Growing up, I remember everyone telling me that when a major national/worldwide tragedy occurs, you always remember where you were. They all cited D-Day, the Kennedy assassination, etc. Adults at the time would tell me precisely where they were and what they were doing.
My impactful memory as a child happened on a snow day living in a suburb of Atlanta, Georgia.
I was in sixth grade (my first year of “middle school”) and we had gotten a blanket of mere inches of the white stuff. The morning radio station (Z-93?) announced school closures, and mine was on the list. In those days, the slightest amount of snow was enough to cripple the entire city and surrounding towns. Southerners just can’t comprehend white stuff on their roads, and it confuses the hell out of them.
My snow day was being spent the way it is supposed to be when you’re in sixth grade: outside in the thick of it. The road in front of my house was an extreme hill. During non-snow days, I would skateboard down it and scare years off of my parent’s lives. That day? We were taking the sled down the slush and ice.
During one of my attempts down the hill, I heard my mom calling out from the top of the road from our front door. Bundled up, I couldn’t make out what she was saying. I could tell, though, that she wanted my little sister and I to come home immediately – so I pulled the sled and, sister in tow, made it my way home. When I got there, my mom look frazzled.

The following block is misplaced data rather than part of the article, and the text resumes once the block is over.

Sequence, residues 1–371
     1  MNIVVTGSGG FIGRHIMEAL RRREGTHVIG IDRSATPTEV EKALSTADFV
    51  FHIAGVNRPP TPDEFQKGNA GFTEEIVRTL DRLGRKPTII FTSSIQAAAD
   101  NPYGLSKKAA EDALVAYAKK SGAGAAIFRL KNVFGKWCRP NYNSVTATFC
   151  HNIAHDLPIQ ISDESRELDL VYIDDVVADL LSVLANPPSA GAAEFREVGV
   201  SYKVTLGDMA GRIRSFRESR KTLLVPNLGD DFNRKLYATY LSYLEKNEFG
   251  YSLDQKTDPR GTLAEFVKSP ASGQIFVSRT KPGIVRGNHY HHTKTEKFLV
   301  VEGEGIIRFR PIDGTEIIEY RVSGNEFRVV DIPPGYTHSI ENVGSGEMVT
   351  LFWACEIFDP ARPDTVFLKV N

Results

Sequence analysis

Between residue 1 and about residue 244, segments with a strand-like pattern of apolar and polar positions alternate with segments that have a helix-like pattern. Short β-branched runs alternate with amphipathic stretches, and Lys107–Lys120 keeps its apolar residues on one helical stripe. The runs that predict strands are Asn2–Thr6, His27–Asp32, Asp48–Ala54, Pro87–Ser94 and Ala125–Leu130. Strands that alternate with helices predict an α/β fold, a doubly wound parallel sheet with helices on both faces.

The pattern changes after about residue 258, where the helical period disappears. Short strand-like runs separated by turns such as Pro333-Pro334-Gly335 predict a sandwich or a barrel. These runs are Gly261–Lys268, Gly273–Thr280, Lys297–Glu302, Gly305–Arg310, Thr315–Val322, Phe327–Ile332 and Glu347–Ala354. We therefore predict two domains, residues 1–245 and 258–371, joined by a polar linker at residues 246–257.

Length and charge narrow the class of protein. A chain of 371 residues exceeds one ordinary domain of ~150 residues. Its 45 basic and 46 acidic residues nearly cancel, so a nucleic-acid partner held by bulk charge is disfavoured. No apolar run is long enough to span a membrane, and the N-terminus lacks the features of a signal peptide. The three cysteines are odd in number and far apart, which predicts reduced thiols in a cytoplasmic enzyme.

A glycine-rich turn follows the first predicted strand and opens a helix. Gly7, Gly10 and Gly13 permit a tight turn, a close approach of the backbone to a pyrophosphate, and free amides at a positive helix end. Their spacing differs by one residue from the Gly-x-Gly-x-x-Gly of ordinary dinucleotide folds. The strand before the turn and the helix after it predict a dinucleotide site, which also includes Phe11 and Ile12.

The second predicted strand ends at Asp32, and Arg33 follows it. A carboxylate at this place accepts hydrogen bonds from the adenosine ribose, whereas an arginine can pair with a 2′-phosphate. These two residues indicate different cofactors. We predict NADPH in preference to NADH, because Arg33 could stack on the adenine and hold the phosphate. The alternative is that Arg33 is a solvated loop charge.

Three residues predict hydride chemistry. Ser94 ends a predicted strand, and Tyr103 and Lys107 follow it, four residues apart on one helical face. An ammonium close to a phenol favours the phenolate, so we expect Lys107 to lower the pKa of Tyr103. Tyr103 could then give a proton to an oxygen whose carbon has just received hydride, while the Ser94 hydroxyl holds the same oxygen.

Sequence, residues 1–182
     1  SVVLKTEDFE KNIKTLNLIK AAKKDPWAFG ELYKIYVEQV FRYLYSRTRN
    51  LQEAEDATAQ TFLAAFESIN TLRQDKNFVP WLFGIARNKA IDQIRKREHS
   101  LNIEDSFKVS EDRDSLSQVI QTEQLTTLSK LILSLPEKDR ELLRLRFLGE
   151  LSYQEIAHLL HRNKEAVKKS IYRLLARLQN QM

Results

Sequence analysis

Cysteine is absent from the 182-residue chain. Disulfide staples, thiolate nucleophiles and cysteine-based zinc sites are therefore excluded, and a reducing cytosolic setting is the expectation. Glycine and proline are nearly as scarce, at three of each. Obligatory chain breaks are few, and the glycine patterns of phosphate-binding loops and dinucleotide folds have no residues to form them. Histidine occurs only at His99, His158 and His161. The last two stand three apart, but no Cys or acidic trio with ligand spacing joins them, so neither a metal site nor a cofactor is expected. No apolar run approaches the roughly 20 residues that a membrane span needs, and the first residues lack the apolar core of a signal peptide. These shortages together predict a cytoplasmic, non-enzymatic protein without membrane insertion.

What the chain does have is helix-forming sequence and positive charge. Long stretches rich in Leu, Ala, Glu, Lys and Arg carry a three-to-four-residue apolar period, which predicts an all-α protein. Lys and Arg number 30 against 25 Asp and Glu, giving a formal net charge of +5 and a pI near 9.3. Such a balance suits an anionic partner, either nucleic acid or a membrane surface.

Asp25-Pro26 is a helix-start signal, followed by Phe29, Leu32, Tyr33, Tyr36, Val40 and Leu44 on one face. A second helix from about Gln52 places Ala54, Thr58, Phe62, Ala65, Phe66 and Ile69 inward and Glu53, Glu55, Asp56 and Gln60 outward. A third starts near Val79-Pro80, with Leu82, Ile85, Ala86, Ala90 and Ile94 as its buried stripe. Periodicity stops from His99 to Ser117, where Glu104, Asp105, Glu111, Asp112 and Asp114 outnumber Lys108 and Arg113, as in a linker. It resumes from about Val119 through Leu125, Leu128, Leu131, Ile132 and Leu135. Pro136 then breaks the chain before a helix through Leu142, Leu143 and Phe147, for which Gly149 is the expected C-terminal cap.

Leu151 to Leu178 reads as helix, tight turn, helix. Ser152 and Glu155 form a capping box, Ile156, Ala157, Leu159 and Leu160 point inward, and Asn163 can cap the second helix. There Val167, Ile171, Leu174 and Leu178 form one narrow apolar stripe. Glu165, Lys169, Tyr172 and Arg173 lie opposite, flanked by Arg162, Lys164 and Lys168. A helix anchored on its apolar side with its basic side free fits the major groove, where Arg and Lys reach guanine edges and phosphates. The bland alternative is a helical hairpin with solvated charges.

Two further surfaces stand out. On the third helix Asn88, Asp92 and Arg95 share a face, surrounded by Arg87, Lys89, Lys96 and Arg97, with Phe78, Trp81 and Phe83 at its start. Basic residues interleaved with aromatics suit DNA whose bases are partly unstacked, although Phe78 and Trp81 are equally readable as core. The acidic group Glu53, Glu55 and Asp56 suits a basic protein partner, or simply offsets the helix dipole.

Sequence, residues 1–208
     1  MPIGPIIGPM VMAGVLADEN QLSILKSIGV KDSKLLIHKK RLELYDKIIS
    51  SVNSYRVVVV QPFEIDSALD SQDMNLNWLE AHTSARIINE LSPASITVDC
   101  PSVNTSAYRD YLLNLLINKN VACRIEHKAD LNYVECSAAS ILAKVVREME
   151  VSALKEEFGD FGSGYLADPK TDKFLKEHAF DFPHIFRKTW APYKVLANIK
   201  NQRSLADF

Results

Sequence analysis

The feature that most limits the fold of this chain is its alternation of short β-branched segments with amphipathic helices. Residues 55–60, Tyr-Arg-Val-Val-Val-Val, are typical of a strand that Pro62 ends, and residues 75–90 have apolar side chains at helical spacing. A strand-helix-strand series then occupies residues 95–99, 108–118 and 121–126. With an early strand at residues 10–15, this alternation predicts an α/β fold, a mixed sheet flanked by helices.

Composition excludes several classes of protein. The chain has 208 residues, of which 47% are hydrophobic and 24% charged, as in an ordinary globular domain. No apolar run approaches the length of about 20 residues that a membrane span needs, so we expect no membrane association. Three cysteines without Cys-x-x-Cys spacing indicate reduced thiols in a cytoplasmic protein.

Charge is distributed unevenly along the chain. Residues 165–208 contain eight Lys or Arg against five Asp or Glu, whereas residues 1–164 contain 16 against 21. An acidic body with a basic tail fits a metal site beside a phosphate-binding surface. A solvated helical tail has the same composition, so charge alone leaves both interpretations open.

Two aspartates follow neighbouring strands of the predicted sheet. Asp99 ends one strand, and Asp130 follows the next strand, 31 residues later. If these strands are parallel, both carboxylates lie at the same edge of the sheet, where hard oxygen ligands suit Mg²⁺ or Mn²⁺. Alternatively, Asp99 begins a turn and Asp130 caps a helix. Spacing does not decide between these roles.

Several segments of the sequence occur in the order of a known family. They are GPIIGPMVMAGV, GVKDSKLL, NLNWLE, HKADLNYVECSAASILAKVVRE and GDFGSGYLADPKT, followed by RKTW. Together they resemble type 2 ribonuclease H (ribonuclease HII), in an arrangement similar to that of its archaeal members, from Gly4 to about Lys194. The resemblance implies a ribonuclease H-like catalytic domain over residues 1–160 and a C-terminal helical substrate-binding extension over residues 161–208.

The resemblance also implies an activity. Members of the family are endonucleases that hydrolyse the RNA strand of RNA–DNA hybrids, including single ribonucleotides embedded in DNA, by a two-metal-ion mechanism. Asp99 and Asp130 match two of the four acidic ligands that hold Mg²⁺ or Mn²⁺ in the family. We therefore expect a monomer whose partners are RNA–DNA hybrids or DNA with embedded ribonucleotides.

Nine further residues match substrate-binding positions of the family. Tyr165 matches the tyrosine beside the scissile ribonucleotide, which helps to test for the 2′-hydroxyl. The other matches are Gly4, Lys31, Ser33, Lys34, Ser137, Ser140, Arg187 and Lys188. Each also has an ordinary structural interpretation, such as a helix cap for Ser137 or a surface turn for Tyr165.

“You father called,” she said. “He said we should turn on the T.V.”
We went downstairs, still in our snow clothes, and clicked on the T.V. Every channel was running the same thing.
The Space Shuttle Challenger had just exploded.
I was a twelve year old in the mid-eighties, so my mind went through a myriad of seemingly logical answers. The Russians? Aliens? Some sort of attack? In my mind, this couldn’t be an “accident”. I had just been to Huntsville in the past year, and as a fledgling computer nerd science was running though my veins. This was NASA. These things don’t happen with modern technology.
This couldn’t be a mistake. It must have been an attack. It was the cold war era – and that was the only thing that made sense.
There was no Internet back then (at least, none to speak of) so when something like this happened, everyone stayed in front of a television. The rest of the snow day was spent indoors watching the explosion play over and over with news analysts asking the same thing we all were.
As time went on that day, I learned it was not Russians. It wasn’t aliens. No one attacked.
And this was the worst kind of it.
That was thirty years ago today, and I – like millions of others on the Internet – remember it clearly.